An unseasonably hot air mass is breaking April records across parts of southern and eastern Australia this week.
A pool of heat that brought Australia’s latest 45 degree days on record in the Pilbara two weeks ago has spread south and is now causing unprecedented April warmth in Adelaide, Sydney and many places in between.
Sydney registered its highest April temperature in 160 years of records on Monday afternoon, reaching 35.4 degrees at Observatory Hill. This beat the city’s previous April record from 2016 by more than a degree.
Last Tuesday was Adelaide’s third consecutive day at or above 34 degrees, which is the city’s longest three-day spell this hot during April in 132 years of records.
Mildura’s 38.1 degrees just after midday last Tuesday is a new April record for Victoria, beating the state’s previous record of 37.8 degrees from 1986, also from Mildura.
Canberra’s five days above 28 degree between the previous Thursday and last Monday was the city’s first such spell during April on record.
So, what’s caused this summer-like burst of heat so late in the year?
A stubborn ridge of high pressure across southern Australia, called the subtropical ridge, has been deflecting cold fronts to the south of the country during the last couple of weeks.
More recently, a broad trough of low pressure over western and southern Australia has helped transport this hot air from the nation’s western tropics to our southern states.
This weather pattern is a bit odd for this time of year as April is when we typically see cold fronts penetrating further north. During March, the mean sea level pressure was about two hectopascals higher than usual across southern WA, SA and NSW.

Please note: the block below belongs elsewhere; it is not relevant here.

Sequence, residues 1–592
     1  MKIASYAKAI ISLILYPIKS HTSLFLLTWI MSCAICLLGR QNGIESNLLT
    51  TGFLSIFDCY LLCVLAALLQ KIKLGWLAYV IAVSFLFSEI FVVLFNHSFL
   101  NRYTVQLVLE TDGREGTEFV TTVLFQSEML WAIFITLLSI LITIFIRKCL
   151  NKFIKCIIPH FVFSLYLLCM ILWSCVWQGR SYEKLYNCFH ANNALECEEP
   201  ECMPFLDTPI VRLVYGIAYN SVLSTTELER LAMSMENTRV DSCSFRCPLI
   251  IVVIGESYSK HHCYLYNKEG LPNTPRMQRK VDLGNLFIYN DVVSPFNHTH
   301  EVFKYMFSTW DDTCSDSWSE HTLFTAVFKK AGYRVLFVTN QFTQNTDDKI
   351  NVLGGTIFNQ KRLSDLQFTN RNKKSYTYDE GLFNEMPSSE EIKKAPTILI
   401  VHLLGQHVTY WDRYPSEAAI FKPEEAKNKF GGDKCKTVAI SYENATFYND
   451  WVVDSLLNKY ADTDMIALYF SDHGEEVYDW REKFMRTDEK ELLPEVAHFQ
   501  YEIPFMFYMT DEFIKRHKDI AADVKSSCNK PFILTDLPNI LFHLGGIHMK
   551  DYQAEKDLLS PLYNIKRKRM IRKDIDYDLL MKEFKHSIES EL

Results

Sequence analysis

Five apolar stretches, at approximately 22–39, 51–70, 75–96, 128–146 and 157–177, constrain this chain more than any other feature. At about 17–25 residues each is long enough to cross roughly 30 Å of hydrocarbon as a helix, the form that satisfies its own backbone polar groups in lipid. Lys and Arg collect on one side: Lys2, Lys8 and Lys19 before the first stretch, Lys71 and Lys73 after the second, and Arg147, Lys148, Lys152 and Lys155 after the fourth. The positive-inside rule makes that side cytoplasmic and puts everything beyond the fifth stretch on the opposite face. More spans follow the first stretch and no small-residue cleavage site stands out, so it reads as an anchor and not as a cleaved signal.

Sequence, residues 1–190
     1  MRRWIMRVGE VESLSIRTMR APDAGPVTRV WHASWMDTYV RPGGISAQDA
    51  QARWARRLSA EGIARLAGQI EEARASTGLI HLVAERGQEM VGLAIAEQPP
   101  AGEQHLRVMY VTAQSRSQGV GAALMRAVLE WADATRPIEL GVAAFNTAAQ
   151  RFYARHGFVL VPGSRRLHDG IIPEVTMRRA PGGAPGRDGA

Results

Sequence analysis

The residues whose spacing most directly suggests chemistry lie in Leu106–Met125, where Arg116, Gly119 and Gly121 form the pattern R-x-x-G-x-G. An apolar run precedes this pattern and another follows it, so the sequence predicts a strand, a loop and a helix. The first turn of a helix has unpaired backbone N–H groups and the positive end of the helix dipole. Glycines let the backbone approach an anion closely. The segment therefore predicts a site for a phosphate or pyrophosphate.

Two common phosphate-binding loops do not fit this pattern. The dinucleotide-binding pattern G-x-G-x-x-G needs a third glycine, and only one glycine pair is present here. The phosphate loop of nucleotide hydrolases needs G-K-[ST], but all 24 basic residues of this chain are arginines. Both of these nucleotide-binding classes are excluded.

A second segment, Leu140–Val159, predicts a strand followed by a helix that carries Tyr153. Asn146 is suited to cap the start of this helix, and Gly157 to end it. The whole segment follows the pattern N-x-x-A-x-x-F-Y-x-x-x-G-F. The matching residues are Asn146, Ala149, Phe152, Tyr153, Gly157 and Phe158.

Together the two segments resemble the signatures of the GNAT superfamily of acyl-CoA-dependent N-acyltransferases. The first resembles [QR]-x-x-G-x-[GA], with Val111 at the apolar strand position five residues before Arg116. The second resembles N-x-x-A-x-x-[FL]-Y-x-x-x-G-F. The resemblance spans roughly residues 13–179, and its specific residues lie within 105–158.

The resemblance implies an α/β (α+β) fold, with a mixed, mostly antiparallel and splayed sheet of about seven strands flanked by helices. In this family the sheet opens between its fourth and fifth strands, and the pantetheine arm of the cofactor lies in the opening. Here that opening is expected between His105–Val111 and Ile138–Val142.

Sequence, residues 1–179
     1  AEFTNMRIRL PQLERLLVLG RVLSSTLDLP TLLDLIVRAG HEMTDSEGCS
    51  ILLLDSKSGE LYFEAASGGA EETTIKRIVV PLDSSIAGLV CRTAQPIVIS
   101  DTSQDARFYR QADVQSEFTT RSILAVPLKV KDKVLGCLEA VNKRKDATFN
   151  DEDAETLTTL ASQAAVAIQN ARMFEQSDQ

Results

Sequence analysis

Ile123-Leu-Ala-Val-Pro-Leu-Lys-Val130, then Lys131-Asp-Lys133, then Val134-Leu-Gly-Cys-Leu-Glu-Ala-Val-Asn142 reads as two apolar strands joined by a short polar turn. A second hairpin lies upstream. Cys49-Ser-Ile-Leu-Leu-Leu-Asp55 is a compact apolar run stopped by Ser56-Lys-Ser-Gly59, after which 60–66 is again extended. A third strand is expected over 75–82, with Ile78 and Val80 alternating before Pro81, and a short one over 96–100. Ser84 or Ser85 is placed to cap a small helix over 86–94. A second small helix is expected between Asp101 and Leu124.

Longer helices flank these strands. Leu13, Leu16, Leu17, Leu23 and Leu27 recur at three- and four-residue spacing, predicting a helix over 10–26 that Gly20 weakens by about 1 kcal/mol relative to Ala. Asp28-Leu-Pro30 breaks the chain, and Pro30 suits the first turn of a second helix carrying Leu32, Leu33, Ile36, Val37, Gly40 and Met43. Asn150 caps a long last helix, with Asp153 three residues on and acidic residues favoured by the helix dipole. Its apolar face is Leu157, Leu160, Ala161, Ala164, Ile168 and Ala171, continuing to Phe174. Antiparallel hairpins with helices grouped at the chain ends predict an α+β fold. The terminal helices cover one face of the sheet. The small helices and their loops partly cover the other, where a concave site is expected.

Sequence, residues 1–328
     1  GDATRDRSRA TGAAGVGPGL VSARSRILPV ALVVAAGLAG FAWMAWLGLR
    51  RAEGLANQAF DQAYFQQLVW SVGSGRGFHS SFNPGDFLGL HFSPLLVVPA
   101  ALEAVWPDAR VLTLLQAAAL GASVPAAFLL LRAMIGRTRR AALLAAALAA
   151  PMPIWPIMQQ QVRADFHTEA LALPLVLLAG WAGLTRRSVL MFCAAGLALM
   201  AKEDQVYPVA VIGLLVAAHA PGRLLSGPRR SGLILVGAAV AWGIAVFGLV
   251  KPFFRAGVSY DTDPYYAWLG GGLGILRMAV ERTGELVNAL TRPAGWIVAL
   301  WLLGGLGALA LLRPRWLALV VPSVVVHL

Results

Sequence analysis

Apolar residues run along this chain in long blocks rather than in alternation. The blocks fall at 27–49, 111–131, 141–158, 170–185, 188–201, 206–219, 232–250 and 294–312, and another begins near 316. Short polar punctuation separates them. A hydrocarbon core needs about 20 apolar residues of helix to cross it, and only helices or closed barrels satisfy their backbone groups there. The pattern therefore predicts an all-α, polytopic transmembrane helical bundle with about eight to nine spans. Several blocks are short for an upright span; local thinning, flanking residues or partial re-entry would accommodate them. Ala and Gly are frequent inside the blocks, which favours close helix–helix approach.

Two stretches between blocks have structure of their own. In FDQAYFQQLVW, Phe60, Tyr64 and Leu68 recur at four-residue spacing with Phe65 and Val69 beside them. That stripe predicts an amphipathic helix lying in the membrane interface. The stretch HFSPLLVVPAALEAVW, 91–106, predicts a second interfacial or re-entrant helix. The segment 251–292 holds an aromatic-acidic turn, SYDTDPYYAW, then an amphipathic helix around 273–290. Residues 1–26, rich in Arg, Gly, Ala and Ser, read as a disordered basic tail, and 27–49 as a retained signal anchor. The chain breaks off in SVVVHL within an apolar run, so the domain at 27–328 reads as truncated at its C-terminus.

In addition to the weather features that are causing this record-breaking April hot spell, it’s possible that our planet’s warming climate has also played a part.
Australia’s climate has warmed by around 1 degree celsius since 1910, according to the Bureau of Meteorology’s 2016 State of the Climate Report. According to the Australian Meteorological and Oceanographic Society’s Statement on Climate Change, mean temperatures have warmed in all parts of the country during this time.
However, we aren’t yet able to say if, and how much, of a hand climate change has played in this current bout of unseasonable heat, without performing an event attribution study.
Climate attribution studies aim to determine the likelihood that an extreme weather event was helped by climate change. Some events are and some aren’t. These studies involve three main components:
While it’s too early for the results of an attribution study to determine whether or not this record-breaking autumn heat is related to climate change, it’s already proven to be unprecedented on a number of measures in multiple locations.
– By Ben Domensino, Weatherzone